Wednesday, April 30, 2014

Carpet spots sills and stains - Red wine; Coffee; juice ; liquid; Curry sauce, Spaghetti, water, beer, wine, champagne; soft drink; fanta; coke; lemonade; etc

Spills on Carpets Upholstery or Curtains

The liquid is absorbed into the carpet(natural wool) and then the remainder is absorbed through the secondary backing and into underlay, sometimes even into the sub floor.(depends on amount of liquid)

Step 1 - Remove cause.
Step 2 - Blot up excess with White paper towel or cotton white towel.
Step 3-  Reduce the the concentration of the spill with water  or soda water. Do not rub, be patient and take               your time (30 mins - 60 Mins)
Step 4 - If you cannot remove any more call Able Carpet Care (03) 9562-7565

Wednesday, April 16, 2014

Selecting the right carpet for your home work

Selecting the right carpet can be hard, we maybe able to assist you.

by Alan Fletcher 

Selecting the Right Carpet Fiber for You!
The type of Carpet Fiber you select will determine how long it lasts, how soft it feels, what colors are available, how easily it cleans and how much it costs. This is one of the most critical factors when choosing and comparing carpets. You must compare apples to apples. For example, you cannot compare a NYLON carpet to a POLYESTER carpet, or a WOOL carpet to an OLEFIN carpet. This  would be like comparing apples to oranges. You have to compare similar carpets and narrow it down to the one that best meets your needs and lifestyle as well as your budget. Learn about Carpet Styles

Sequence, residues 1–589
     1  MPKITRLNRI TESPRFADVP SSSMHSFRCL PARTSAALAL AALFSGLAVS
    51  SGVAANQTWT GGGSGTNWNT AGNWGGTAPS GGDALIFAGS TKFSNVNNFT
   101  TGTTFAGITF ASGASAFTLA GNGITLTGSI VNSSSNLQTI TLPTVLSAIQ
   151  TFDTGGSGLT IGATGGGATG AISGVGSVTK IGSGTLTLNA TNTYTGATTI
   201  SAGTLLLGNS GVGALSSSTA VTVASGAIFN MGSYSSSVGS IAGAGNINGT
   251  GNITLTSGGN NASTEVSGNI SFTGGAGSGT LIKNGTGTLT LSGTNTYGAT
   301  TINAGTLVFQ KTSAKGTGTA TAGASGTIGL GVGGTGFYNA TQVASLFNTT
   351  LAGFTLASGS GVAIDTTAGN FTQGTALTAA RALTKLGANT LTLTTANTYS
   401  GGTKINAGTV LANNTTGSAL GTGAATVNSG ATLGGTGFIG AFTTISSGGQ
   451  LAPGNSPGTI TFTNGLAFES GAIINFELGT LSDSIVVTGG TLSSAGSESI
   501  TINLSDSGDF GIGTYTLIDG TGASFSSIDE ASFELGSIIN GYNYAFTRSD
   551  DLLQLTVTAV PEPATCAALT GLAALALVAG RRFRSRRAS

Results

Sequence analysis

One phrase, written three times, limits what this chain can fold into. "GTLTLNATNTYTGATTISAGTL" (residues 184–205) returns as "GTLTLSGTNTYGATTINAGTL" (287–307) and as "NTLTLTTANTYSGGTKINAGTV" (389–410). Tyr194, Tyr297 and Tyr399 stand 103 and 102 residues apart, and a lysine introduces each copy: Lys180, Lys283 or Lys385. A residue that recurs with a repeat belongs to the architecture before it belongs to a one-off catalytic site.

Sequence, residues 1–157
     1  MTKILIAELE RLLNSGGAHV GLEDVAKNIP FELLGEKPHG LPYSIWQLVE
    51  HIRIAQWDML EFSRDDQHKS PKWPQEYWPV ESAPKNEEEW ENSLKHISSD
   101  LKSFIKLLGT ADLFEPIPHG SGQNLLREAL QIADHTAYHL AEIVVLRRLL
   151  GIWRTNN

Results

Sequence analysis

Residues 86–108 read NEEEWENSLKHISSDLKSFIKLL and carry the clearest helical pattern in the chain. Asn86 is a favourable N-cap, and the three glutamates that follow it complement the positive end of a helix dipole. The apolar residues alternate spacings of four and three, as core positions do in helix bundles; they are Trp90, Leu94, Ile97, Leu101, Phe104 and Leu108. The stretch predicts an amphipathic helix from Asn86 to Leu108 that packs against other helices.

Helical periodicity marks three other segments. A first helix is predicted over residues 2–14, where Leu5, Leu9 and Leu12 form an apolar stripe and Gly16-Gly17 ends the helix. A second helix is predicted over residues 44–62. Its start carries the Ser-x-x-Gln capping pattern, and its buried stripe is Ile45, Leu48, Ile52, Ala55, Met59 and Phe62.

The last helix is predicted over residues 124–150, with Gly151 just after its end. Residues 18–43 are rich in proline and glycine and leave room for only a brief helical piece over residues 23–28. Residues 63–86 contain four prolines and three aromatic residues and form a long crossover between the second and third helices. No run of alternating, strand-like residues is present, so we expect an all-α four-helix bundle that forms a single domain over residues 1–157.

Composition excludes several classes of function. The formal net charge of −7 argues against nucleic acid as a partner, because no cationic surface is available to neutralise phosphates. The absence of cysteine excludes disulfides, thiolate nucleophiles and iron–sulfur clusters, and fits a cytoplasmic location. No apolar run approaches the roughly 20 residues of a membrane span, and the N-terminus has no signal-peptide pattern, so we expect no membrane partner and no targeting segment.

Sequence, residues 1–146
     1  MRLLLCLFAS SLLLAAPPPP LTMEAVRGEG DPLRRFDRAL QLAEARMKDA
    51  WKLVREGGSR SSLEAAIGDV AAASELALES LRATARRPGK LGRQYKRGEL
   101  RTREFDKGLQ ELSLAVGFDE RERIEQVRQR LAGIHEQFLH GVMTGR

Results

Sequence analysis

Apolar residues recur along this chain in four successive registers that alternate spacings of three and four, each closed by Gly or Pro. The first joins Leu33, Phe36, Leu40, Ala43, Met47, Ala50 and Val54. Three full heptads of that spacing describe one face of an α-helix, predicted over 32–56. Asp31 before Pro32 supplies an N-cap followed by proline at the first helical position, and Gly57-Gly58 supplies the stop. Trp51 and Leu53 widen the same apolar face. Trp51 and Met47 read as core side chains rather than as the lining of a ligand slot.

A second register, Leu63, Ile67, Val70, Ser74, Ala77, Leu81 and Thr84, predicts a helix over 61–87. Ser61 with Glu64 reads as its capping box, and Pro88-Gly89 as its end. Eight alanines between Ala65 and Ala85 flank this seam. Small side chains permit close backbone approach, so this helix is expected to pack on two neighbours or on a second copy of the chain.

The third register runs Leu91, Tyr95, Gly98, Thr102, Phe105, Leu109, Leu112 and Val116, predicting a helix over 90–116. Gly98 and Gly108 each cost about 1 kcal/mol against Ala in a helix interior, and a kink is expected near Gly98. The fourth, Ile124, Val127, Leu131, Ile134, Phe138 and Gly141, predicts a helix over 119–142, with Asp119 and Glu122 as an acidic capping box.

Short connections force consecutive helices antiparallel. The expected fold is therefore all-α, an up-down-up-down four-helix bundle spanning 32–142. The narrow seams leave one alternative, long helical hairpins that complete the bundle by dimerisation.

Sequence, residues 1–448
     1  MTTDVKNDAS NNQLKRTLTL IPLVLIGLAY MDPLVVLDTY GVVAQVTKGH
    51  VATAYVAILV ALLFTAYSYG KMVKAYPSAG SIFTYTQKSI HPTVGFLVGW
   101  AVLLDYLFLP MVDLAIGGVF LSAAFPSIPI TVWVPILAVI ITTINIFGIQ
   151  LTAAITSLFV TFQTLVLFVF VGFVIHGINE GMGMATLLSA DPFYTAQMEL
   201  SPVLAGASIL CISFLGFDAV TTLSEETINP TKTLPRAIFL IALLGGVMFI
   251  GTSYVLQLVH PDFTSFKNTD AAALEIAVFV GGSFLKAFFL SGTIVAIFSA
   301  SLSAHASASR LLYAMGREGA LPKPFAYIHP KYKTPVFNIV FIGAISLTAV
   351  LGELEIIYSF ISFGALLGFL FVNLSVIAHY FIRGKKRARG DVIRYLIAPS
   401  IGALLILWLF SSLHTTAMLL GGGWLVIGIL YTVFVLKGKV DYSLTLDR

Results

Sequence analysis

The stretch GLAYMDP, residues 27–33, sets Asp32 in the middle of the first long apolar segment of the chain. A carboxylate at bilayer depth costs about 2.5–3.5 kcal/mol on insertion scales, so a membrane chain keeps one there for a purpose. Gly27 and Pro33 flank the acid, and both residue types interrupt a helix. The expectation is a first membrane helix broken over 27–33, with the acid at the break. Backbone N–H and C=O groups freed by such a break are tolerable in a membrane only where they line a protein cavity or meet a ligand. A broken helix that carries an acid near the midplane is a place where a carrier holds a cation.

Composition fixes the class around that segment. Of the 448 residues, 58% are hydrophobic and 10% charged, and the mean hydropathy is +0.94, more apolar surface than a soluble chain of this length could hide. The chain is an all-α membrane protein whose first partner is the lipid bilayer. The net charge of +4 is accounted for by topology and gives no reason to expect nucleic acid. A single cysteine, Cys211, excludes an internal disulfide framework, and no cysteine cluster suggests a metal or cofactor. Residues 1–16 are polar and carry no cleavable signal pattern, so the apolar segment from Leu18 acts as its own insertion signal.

What Fiber Is Best?

Nylon is a generic name or designation for a family of synthetic polymers first produced in 1935 by the DuPont Company. As far as fibers go, Nylon is the most durable and the most resilient of all carpet fibers. A resilient fiber is defined as having the ability to return to its original form or position after being bent, compressed, or stretched. Nylon is the most resilient fiber used to make carpet. This is what keeps a nylon carpet looking like new longer than any other fiber. Nylon is one of the more expensive fibers second only to wool. I would consider choosing a Nylon carpet if you have a lot of traffic and longevity was my biggest concern.